As a young professor of philology Mouhot spent at least 10 years of his life working as a language tutor in Russia. He traveled throughout Europe with his brother Charles, studying photographic techniques developed by Louis Daguerre. In 1856, he began devoting himself to the study of Natural Science. In 1856 he married a descendant, likely the grand-daughter, of Scottish explorer Mungo Park. Upon reading "The Kingdom and People of Siam" by Sir James Bowring in 1857, Mouhot decided to travel to Indochina to conduct a series of botanical expeditions for the collection of new zoological specimens. His initial requests for grants and passage were rejected by French companies and the government of Napoleon III. The Royal Geographical Society and the Zoological Society of London lent him their support, and he set sail for Bangkok, via Singapore.
Mouhot is often mistakenly credited with "discovering" Angkor, although Angkor was never lost — the location and existence of the entire series of Angkor sites was always known to the Khmers and had been visited by several westerners since the 16th century. Mouhot mentions in his journals that his contemporary, Father Charles Emile Bouillevaux — a French missionary based in Battambang — had reported that he and other western explorers and missionaries had visited Angkor Wat and the other Khmer temples, at least five years before Mouhot. Father Bouillevaux published his accounts in 1857: "Travel in Indochina 1848–1846, The Annam and Cambodia". Previously, a Portuguese trader Diogo do Couto visited Angkor and wrote his accounts about it in 1550, and the Portuguese monk Antonio da Magdalena had also written about his visit to Angkor Wat in 1586.
Mouhot did however popularise Angkor in the West. Perhaps none of the previous European visitors wrote as evocatively as Mouhot, who included interesting and detailed sketches. In his posthumously published "Travels in Siam, Cambodia and Laos" Mouhot compared Angkor to the pyramids, for it was popular in the west at that time to ascribe the origin of all civilization to the Middle East. For example, he described the Buddha heads at the gateways to Angkor Thom as "four immense heads in the Egyptian style," and wrote of Angkor:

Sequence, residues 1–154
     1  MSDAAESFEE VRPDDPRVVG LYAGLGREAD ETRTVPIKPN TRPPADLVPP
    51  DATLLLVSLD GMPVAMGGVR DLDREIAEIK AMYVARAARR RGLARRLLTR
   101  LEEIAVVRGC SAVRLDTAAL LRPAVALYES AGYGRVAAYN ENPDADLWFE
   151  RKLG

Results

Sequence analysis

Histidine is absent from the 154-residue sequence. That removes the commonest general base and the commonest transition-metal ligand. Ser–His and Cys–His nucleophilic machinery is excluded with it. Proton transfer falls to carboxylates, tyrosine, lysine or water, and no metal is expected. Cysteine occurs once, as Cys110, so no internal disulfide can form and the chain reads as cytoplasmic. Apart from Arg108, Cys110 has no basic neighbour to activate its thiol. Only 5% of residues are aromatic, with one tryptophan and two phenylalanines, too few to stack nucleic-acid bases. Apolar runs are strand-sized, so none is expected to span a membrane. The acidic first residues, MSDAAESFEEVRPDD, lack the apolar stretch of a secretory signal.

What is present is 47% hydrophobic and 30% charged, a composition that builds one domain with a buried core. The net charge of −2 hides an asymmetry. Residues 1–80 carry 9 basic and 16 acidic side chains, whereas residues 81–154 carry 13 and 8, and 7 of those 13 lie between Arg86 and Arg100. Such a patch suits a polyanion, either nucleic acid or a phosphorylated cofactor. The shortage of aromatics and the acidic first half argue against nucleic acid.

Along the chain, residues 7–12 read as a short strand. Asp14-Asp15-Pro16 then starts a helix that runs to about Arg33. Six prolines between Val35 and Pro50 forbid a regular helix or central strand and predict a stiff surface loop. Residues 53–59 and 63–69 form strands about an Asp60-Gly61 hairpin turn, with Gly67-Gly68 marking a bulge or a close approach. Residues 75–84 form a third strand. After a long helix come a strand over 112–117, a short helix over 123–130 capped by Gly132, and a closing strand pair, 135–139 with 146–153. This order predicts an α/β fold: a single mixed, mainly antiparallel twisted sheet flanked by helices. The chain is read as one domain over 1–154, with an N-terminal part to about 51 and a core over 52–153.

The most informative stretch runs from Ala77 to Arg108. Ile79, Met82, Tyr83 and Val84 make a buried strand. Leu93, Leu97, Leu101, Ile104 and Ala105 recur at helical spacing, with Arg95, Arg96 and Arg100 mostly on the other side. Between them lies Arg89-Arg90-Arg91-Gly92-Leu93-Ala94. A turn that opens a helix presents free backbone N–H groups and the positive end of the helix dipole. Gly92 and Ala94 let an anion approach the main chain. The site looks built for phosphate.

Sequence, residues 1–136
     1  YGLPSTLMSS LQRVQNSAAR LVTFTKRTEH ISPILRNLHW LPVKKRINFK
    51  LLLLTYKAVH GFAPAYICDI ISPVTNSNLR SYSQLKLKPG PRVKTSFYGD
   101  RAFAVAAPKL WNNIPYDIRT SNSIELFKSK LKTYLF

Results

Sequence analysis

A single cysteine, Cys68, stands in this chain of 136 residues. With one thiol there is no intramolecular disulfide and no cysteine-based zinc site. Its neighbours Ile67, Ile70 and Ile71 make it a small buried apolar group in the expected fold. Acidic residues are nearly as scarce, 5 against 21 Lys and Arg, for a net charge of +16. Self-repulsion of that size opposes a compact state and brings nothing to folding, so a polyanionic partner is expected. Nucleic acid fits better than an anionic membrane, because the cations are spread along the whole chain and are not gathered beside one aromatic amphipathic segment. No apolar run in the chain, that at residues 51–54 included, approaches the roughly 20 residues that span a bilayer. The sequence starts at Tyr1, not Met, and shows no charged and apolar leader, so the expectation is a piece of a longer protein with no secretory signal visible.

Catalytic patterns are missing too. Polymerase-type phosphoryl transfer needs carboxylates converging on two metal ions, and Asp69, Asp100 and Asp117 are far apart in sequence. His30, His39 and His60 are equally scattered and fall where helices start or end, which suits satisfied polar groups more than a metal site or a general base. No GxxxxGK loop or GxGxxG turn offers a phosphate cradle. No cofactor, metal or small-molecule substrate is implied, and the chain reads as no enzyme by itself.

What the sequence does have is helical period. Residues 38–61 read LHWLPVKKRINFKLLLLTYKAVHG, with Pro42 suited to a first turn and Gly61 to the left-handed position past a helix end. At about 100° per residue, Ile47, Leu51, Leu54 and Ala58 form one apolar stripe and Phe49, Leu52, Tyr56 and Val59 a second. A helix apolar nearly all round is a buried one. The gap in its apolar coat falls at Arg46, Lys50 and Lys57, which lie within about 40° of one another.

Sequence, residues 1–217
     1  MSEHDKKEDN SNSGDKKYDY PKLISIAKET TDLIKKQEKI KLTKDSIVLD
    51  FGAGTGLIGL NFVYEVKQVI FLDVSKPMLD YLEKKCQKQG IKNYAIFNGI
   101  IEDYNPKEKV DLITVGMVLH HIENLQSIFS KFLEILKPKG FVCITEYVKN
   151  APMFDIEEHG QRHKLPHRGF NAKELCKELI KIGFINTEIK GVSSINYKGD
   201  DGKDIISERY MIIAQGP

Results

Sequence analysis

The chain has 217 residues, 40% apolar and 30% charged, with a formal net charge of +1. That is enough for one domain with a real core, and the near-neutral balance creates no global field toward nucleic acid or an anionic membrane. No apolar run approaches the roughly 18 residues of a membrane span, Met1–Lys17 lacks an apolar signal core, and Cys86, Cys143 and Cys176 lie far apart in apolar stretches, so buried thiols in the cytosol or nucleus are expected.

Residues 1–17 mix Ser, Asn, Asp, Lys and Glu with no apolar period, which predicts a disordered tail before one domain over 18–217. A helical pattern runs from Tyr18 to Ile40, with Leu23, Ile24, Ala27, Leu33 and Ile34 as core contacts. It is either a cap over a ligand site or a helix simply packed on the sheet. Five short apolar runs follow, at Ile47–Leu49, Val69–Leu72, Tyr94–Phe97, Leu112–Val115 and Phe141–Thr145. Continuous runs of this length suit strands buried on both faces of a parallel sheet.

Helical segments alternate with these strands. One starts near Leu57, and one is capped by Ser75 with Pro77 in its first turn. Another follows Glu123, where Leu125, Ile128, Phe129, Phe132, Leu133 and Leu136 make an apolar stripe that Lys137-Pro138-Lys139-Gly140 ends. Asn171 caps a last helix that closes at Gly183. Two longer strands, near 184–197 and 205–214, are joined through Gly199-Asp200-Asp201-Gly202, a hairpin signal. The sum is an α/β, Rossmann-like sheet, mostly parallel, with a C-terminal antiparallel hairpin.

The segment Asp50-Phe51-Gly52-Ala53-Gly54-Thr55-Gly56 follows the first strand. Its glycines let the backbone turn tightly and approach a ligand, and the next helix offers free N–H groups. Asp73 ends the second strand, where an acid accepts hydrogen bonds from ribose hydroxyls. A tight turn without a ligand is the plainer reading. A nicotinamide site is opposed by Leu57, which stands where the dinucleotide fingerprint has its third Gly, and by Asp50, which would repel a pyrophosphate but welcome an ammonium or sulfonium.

"One of these temples—a rival to that of Solomon, and erected by some ancient Michael Angelo—might take an honourable place beside our most beautiful buildings. It is grander than anything left to us by Greece or Rome, and presents a sad contrast to the state of barbarism in which the nation is now plunged."
Mouhot also wrote that:
"At Ongcor, there are ...ruins of such grandeur... that, at the first view, one is filled with profound admiration, and cannot but ask what has become of this powerful race, so civilized, so enlightened, the authors of these gigantic works?"
Such quotations may have given rise to the popular misconception that Mouhot had found the abandoned ruins of a lost civilisation. The Royal Geographical Society and The Zoological Society, both interested in announcing new finds, seemed to have encouraged the rumor that Mouhot — whom they had sponsored to chart mountains and rivers and catalog new species — had discovered Angkor. Mouhot himself erroneously asserted that Angkor was the work of an earlier civilization than the Khmer. For although the very same civilization which built Angkor was alive and right before his eyes, he considered them in a "state of barbarism" and could not believe they were civilized or enlightened enough to have built it. He assumed that the authors of such grandeur were a disappeared race, and mistakenly dated Angkor back over two millennia, to around the same era as Rome. The true history of Angkor Wat was later pieced together from the book "The Customs of Cambodia" written by Temur Khan's envoy Zhou Daguan to Cambodia in 1295-1296] and from stylistic and epigraphic evidence accumulated during the subsequent clearing and restoration work carried out across the whole Angkor site. It is now known that the dates of Angkor’s habitation were from the early 9th to the early 15th centuries.
Some have argued that Mouhot may have been a tool for French expansionism, and the annexation of territories which followed shortly after his death. Mouhot himself however, did not seem to be a hardcore colonialist, for he occasionally doubted the beneficial effects of European colonisation: